Two weeks ago the North Carolina Supreme Court finally — and rightly — ruled that so-called Internet parlors, or Internet cafes, are gambling establishments and therefore subject to state and local regulation.
That ruling effectively ends their existence in the state, since the General Assembly outlawed their operation several years ago. Since 2007 these establishments had continued operating while the industry fought in the court system under several dubious claims.
One such assertion is that the patrons weren’t really gambling when they forked their money over, but were simply buying Internet time — what they did with that Internet time was their business. This line of reasoning was, to be blunt, a load of crock. Internet time is what you pay $20 a month for to your local cable company or Internet service provider. People plunking down their money at these cafes were gambling, plain and simple.
The state supreme court, in its ruling, said what some lower courts didn’t seem to have the good sense to understand — identifying Internet sweepstakes as the “functional equivalent of gambling,” thus the state is well within its right to regulate or ban such operations.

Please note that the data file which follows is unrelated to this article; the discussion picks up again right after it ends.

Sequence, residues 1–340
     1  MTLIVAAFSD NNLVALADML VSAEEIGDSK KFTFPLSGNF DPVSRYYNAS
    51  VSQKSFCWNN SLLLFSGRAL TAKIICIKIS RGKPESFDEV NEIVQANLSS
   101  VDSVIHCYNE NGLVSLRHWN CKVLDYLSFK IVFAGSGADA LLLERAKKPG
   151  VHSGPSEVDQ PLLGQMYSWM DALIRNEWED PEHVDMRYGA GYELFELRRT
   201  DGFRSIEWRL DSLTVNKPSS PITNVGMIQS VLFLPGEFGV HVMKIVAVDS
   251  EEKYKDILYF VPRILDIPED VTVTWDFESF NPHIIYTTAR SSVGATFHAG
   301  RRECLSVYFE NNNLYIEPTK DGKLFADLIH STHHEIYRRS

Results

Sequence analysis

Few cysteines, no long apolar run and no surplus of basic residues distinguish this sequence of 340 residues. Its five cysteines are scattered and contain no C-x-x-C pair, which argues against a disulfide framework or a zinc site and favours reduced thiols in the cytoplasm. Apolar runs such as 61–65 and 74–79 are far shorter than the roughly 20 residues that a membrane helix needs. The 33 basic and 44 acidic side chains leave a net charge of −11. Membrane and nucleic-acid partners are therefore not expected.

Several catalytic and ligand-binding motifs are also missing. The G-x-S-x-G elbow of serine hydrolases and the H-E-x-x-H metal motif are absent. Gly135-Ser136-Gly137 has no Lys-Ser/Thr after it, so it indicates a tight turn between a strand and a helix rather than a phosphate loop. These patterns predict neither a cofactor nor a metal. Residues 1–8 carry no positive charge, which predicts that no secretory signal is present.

Locally, one Internet cafe owner said it’s unfair for the state to outlaw his mode of business while allowing a state-sanctioned lottery, and we agree. The state lottery serves no good purpose and accomplishes nothing of importance. Its main function seems to be parting folks from their money, with a secondary function of creating and maintaining a few unneeded state jobs.
As the old saying goes, two wrongs don’t make a right. The lottery, unfortunately, appears here to say. Internet cafes, though, seem to be on their way out.
It’s about time.